One of the strongest coming-of-age films in a Lakeside Cinema season full of them. Info
This summer's Lakeside Cinema series clearly has a coming-of-age focus, given that the calendar features films like Big (1988) and The Iron Giant (1999). But for those of us who experienced our childhoods racing down hills on BMX bikes, exploring uncharted territories with our besties, and just wishing the summer would never end, Rob Reiner's 1986 film Stand By Me (1986) stirs up an especially powerful longing. (Specifically for those summer days before kids were glued to their black mirrors sending drivel on Snapchat.)
Based upon the 1982 Stephen King novella The Body, the film boasts an '80s heartthrob-to-be ensemble cast of Wil Wheaton, River Phoenix, Corey Feldman, and Jerry O'Connell. The film artfully sets up the plot as flashback: an adult Gordie Lachance (Richard Dreyfuss) recalls a story about his 12-year-old self and his friends. Before Labor Day weekend of 1959 in Castle Rock, Oregon, Gordie is still processing his grief over his brother's death. He spends time socializing, even though he is the quiet one in his friend group. Vern (Jerry O'Connell) overhears his older brother say that he found the body of what may be a missing child several miles away. Vern tells the group, and they decide they want to embark upon a mission to find the body.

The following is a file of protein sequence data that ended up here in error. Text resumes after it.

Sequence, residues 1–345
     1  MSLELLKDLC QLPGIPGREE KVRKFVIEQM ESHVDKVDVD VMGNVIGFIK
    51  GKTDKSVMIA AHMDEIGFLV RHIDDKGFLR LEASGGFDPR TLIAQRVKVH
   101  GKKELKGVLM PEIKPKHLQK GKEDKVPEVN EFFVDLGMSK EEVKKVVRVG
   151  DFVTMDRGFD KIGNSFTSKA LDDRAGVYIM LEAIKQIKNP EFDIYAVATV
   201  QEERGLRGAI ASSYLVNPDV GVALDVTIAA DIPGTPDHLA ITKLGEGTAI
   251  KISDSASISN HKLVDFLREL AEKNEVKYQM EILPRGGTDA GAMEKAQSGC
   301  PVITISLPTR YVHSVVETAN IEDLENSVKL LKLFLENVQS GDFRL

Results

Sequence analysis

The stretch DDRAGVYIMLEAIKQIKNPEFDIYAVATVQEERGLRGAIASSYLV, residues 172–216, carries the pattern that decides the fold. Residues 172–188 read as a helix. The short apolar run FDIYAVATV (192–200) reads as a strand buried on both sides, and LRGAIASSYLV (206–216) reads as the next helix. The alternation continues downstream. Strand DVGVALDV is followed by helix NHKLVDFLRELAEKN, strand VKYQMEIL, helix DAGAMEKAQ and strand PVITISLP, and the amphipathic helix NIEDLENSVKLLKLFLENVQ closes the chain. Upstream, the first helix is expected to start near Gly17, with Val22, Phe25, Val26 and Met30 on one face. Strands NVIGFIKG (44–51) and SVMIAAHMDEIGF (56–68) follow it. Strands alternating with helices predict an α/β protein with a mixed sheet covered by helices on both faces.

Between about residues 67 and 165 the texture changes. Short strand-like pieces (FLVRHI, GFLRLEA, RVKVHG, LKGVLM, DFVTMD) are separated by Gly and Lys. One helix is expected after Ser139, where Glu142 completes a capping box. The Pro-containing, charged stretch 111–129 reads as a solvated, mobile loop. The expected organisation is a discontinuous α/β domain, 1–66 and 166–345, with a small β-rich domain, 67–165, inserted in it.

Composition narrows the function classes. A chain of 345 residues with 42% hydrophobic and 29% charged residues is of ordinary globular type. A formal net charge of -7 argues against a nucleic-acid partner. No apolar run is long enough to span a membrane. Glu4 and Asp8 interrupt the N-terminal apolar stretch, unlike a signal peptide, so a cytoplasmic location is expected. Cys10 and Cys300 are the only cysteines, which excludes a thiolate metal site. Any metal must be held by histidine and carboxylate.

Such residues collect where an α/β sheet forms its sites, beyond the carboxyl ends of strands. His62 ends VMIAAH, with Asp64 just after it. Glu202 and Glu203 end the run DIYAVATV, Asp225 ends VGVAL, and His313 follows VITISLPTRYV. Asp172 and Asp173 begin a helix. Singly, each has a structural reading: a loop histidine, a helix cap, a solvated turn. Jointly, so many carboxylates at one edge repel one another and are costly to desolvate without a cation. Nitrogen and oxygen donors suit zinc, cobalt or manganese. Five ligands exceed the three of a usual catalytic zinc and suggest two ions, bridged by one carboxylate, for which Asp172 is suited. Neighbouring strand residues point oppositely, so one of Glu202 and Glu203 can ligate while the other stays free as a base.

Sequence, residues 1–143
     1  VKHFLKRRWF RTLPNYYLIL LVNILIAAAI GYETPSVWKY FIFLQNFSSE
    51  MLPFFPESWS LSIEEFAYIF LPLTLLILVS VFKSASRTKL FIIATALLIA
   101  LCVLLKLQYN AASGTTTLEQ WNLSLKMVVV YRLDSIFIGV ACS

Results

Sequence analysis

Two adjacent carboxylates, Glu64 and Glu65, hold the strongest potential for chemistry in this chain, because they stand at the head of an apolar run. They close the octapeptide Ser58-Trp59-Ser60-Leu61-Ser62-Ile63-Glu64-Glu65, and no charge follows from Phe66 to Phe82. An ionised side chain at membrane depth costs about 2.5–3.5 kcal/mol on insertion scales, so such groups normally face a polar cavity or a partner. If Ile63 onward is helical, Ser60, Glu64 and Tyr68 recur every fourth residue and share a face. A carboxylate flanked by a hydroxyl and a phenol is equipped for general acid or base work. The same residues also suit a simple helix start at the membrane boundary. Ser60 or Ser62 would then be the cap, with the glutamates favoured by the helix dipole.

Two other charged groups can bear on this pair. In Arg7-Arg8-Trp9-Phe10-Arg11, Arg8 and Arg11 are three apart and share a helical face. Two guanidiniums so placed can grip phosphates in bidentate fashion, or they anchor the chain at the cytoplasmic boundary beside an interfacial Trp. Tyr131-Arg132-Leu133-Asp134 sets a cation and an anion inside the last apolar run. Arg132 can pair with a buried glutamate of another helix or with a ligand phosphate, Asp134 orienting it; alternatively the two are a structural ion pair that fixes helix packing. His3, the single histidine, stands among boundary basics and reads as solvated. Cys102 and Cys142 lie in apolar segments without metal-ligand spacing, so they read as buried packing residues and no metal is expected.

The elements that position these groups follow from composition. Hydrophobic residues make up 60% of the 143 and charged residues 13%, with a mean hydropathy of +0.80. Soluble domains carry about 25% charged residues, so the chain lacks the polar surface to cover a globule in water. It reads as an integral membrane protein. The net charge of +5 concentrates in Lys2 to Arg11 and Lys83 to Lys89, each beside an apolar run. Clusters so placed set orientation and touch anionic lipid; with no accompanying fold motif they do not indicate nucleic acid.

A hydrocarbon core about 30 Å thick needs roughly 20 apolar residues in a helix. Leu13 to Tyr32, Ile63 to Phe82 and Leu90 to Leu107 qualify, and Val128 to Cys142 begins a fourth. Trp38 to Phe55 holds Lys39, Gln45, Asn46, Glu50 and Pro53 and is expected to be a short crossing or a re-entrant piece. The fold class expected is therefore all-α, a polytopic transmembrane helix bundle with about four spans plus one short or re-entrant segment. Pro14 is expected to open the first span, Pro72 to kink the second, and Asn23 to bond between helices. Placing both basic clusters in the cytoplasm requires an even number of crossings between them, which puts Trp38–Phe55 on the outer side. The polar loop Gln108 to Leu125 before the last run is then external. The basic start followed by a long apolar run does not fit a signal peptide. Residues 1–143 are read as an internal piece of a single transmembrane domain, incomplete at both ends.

The next 24 hours they spend together not only test the boundaries of their friendship, but become a hallmark moment for these soon-to-be young-men that will bind them together for the rest of their lives. River Phoenix's turn as Chris Chambers gave us a glimpse of what could have been prior to his tragic death in 1993. What still strikes me even now about this beautiful film is how it does not portray childhood with the fluff and bubblegum pop that can be standard in coming of age stories, but really grapples with such serious issues as physical abuse, bullying, childhood death, and what happens once the world has already made up its mind about you. —Edwanike Harbour